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Energy of Infrared Light

  1. Nov 2, 2011 #1
    I thought IR light has the least energy since UV light has the most (shorter wavelengths more energy). The article states that the IR light makes the air temperature at the highest, what is happening here?
     
  2. jcsd
  3. Nov 2, 2011 #2

    Drakkith

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    The IR radiation is directly heating the thermometer, not the air. UV light is almost entirely blocked by the atmosphere before ever reaching the surface.
     
  4. Nov 2, 2011 #3
    Ah, then why is the IR heat the thermometer more than the visible light? E=p/lambda and thus shorter wavelength means more energy? IR has the greatest wavelength out of all of them.
     
  5. Nov 2, 2011 #4
    I suspect that mercury (assuming a mercury thermometer) might absorb IR radiation more efficiently than visible.
     
  6. Nov 2, 2011 #5

    Drakkith

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    I don't know how effectively visible light heats the thermometer compared to IR, but the point of the article was that the thermometer wasn't in the visible light at all, but in the IR light. Since IR light is invisible Herschel didn't know it was there and the increasing temperature of the thermometer enabled him to discover it.
     
  7. Nov 2, 2011 #6

    DaveC426913

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    You're missing the point of the OP's question though:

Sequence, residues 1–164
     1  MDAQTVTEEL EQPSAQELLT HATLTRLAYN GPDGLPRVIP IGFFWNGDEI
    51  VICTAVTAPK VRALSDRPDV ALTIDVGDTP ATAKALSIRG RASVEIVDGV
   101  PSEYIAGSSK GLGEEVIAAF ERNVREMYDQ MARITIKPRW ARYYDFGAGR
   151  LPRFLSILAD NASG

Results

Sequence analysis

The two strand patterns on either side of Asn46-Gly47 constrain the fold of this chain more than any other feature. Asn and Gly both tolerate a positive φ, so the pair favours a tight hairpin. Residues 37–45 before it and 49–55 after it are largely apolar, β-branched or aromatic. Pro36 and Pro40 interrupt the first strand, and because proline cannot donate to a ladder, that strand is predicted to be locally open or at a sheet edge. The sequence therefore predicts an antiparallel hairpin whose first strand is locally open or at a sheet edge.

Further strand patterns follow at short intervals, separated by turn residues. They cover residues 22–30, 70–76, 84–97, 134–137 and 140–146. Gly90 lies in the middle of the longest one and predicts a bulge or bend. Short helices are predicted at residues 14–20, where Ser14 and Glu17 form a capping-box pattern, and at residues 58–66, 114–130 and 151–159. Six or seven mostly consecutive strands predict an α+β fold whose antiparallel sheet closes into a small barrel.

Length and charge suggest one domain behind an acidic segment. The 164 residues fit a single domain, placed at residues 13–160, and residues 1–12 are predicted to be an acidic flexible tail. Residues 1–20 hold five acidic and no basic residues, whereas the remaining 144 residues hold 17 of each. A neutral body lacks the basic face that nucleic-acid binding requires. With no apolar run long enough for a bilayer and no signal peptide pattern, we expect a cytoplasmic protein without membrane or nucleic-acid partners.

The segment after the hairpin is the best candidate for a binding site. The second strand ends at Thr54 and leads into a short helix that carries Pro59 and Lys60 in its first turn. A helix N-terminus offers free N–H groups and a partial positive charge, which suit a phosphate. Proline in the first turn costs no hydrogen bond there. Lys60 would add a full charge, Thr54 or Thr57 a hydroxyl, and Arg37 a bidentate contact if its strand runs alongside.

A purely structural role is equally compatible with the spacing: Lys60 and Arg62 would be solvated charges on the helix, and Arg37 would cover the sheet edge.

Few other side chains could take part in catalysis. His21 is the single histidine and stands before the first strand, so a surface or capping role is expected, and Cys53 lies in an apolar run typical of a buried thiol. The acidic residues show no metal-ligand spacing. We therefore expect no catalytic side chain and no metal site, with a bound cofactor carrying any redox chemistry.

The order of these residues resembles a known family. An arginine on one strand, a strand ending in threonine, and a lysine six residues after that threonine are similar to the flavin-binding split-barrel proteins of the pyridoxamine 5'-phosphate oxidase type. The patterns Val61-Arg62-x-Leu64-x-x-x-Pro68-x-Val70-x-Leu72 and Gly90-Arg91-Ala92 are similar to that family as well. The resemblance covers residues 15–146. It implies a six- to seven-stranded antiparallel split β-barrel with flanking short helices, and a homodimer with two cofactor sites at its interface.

8. Nov 2, 2011 #7

    Drakkith

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    Whoops! Guess I didn't read the quote well enough.
     
  9. Nov 3, 2011 #8
  10. Nov 3, 2011 #9
    But Herschel held the thermometer just beyond the red end of the spectrum, and those wavelengths are mostly not absorbed.
     
  11. Nov 3, 2011 #10
    Wait what? The thermometer just beyond the red end must be in the Infrared region correct? I hope I'm not misinterpreting your statement.
     
  12. Nov 3, 2011 #11
    Yes, and if you look at the link you gave, you'll see the atmosphere won't stop much of this near-infrared radiation
     
  13. Nov 3, 2011 #12
    You mean this link?
    http://upload.wikimedia.org/wikipedi...ic_opacity.svg [Broken]

    It says "Most of the infrared spectrum absorbed by atmospheric gases (best observed from space)". I think it is pretty clear in saying that the infrared spectrum is absorbed.
     
    Last edited by a moderator: May 5, 2017
  14. Nov 3, 2011 #13
    Note the valley just to the right of red light at 1 μm. That valley is infrared and is absorbed less than red light (although more than green light).